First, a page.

Looking at the police in formation, with their uniforms and clubs, guns on their hips, I felt naked. I knew that it was an illusion in combat to think you were protected because you were carrying a weapon, but it was an illusion that worked. For the first time, I was very conscious of being unarmed. At last, in my own country, I understood what a Vietnamese villager must have felt at what the Marines called a “county fair,” when the Marines rounded up everyone they could find in a hamlet–all women and children and old people, never draft- or VC-age young men–to be questioned one at a time in a tent, meanwhile passing out candy to the kids and giving vaccinations. Winning hearts and minds, trying to recruit informers. No one among the villagers knowing what the soldiers, in their combat gear, would do next, or which of them might be detained.
We sat and talked and waited for the police to come again. They lowered their helmets and formed up. The two women I was with were both older than I was. I moved my body in front of them, to take the first blows. I felt a hand on my elbow. “Excuse me, I was sitting there,” the woman who shared the Zinn’s house said to me, with a cold look. She hadn’t come there that day and sat down, she told me later, to be protected by me. I apologized and scrambled back, behind them.
No one moved. The police didn’t move, either. They stood in formation facing us, plastic masks over their faces, for quite a while. But they didn’t come forward again. They had kept open a passage in front for the employees inside to leave after five, and eventually the police left, and we left..
There was a happier story to tell, just over one month later. On Saturday night, June 12, 1971, we had a date with Howard and Roz to see Butch Cassidy and the Sundance Kid in Harvard Square. But that morning I learned from someone at the New York Times that—without having alerted me—the Times was about to start publishing the top secret documents I had given them that evening. That meant I might get a visit from the FBI any moment; and for once, I had copies of the Papers in my apartment, because I planned to send them to Senator Mike Gravel for his filibuster against the draft.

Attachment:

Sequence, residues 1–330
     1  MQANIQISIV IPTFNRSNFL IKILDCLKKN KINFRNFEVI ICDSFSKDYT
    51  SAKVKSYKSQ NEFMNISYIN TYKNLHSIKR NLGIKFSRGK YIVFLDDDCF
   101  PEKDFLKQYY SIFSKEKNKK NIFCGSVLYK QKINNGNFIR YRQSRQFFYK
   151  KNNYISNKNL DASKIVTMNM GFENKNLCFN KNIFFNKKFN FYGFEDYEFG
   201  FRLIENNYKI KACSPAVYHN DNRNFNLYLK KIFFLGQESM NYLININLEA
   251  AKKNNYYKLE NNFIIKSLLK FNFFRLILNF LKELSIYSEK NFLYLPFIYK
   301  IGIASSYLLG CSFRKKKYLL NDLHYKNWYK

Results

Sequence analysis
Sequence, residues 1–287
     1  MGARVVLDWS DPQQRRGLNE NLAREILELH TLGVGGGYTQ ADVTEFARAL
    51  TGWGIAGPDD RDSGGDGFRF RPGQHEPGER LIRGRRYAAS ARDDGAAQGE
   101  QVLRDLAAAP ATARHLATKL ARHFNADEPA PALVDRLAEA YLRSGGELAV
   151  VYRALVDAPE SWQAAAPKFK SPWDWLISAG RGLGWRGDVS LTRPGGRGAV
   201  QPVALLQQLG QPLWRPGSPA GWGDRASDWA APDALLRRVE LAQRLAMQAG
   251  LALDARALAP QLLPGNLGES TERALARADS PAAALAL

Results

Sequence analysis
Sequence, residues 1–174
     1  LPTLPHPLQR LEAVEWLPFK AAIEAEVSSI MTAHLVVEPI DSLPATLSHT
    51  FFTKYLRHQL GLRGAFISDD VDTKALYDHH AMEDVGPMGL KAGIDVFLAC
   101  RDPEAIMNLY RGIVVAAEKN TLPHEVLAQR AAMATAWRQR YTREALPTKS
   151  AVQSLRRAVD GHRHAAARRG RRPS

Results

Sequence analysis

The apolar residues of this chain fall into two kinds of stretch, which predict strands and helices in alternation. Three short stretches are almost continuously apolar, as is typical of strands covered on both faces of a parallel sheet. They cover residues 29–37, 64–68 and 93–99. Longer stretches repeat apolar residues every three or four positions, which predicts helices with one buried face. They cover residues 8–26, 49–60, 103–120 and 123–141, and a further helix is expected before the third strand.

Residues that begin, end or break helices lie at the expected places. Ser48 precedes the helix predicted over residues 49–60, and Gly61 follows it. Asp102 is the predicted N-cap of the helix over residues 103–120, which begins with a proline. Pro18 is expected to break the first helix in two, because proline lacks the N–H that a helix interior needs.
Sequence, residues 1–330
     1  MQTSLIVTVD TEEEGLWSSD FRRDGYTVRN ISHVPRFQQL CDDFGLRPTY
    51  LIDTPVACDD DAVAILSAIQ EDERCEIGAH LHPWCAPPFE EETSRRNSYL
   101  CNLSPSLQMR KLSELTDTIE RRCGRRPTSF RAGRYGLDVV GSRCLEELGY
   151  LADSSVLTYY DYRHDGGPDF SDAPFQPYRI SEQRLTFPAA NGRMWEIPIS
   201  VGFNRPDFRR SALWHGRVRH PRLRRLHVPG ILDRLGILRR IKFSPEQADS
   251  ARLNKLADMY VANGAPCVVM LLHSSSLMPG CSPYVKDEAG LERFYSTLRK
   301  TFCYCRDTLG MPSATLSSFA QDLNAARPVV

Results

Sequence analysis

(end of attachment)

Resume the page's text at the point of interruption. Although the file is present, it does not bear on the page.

From Secrets (p. 386):
“I had to get the documents out of our apartment. I called the Zinns, who had been planning to come by our apartment later to join us for the movie, and asked if we could come by their place in Newton instead. I took the papers in a box in the trunk of our car. They weren’t the ideal people to avoid attracting the attention of the FBI. Howard had been in charge of managing antiwar activist Daniel Berrigan’s movements underground while he was eluding the FBI for months (so from that practical point of view he was an ideal person to hide something from them), and it could be assumed that his phone was tapped, even if he wasn’t under regular surveillance. However, I didn’t know whom else to turn to that Saturday afternoon. Anyway, I had given Howard a large section of the study already, to read as a historian; he’d kept it in his office at Boston University. As I expected, they said yes immediately. Howard helped me bring up the box from the car.
We drove back to Harvard Square for the movie. The Zinns had never seen Butch Cassidy before. It held up for all of us. Afterward we bought ice-cream cones at Brigham’s and went back to our apartment. Finally Howard and Roz went home before it was time for the early edition of the Sunday New York Times to arrive at the subway kiosk below the square. Around midnight Patricia and I went over to the square and bought a couple of copies. We came up the stairs into Harvard Square reading the front page, with the three-column story about the secret archive, feeling very good.”